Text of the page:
Roy Halladay #32 of the Toronto Blue Jays pitches against the Baltimore Orioles at Camden Yards on May 27, 2009, in Baltimore. (Getty Images)
Hall of Fame MLB pitcher Roy Halladay was doing acrobatics in his plane and had a dangerous mix of drugs in his system when the aircraft crashed into the Gulf of Mexico off the coast of Florida in 2017, killing him, the National Transportation Safety Board said Wednesday.
The 40-year-old former Toronto Blue Jays and Philadelphia Phillies ace, who won more than 200 games and notched more than 2,000 strikeouts in a 16-year big-league career, had 10 times the recommended level of amphetamine, as well as morphine, a muscle relaxer, an opioid pain medication, and antidepressants in his bloodstream at the time of the crash, officials said.
Halladay performed high-pitch climbs and steep turns with the drugs in his system, sometimes within 5 feet of the water, witnesses said, as the maneuvers put loads of nearly two-times gravity on the Icon A5 plane he rented a month earlier, according to the report.
“It happened. I can’t take it back for him,” Halladay’s younger sister, Heather, told ESPN. “I know what type of person my brother was and that’s all that really matters to me. I do miss him like crazy and that’s what this all brings up.”
A commercial fisherman located 900 feet north of the accident scene said it had flown “really close” to houses. Others said the airplane was making steep turns and high-pitch climbs up to about 500 feet, while adding that the engine sounded normal.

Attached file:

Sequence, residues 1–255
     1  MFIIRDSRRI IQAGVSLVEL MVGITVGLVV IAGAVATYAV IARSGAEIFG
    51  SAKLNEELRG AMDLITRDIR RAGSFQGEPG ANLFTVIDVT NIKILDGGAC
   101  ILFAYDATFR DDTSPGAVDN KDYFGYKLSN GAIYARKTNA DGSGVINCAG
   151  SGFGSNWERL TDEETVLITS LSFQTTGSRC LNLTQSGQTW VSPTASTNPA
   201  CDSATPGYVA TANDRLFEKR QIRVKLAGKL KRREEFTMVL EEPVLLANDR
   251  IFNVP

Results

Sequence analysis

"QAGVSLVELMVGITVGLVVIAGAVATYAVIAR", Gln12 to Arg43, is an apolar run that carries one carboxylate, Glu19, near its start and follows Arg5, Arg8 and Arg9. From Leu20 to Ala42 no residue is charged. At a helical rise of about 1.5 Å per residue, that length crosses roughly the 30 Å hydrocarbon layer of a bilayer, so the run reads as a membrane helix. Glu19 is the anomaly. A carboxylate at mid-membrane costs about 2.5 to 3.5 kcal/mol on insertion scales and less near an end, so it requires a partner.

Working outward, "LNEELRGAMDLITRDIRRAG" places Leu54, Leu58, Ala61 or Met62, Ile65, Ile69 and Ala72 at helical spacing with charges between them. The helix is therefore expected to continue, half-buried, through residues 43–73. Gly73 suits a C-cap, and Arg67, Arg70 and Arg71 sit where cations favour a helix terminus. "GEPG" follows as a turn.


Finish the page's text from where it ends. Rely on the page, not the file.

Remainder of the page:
During the last 2-1/2 minutes of the flight, Halladay conducted three maneuvers with high angles of attack, the report added.
During his final move, the speed of his propeller-driven plane fell to about 85 miles per hour as he entered a steep climb. It eventually went into a nosedive and smashed into the water at a 45-degree angle near Clearwater, Fla., on Nov. 7, according to the report. He died of blunt force trauma and drowning, it said.
Less than two weeks before his fatal crash, Halladay had flown the plane under Tampa Bay’s Skyway Bridge, which had a 180-foot vertical clearance over the water, the report added, citing recovered GPS data.
Five days later he wrote on Twitter, “I keep telling my dad flying the Icon A5 low over the water is like flying a fighter jet! His response….. I am flying a fighter jet!!”
Icon issued guidance to its owners two weeks before Halladay’s accident saying that while low-altitude flying “can be one of the most rewarding and exciting types of flying,” it “comes with an inherent set of additional risks that require additional considerations.”
Halladay had about 700 hours of flight time after getting his pilot’s license in 2013, a previous report said, including 51 hours in Icon A5s with 14 in the plane that crashed.
The report on Wednesday does not give a final reason for the crash. That’s expected to be issued soon.
Halladay won 203 games and two Cy Young awards before retiring in 2013. He was inducted posthumously into the Baseball Hall of Fame last July.
Halladay broke into the majors with the Blue Jays in 1998, winning one Cy Young Award and being selected to six All-Star games during his tenure with the team.
He joined the Phillies after the 2009 season and was selected to two All-Star games, winning his second Cy Young Award, in 2010. That year he also pitched a perfect game, the 20th in major league history.
His no-hitter against the Cincinnati Reds in the 2010 National League Division Series was only the second no-hitter ever pitched in the MLB postseason, following only New York Yankees pitcher Don Larsen’s perfect game in the 1956 World Series.
During his time in the majors, Halladay was known as “Doc,” a reference to the gunslinger Doc Holliday.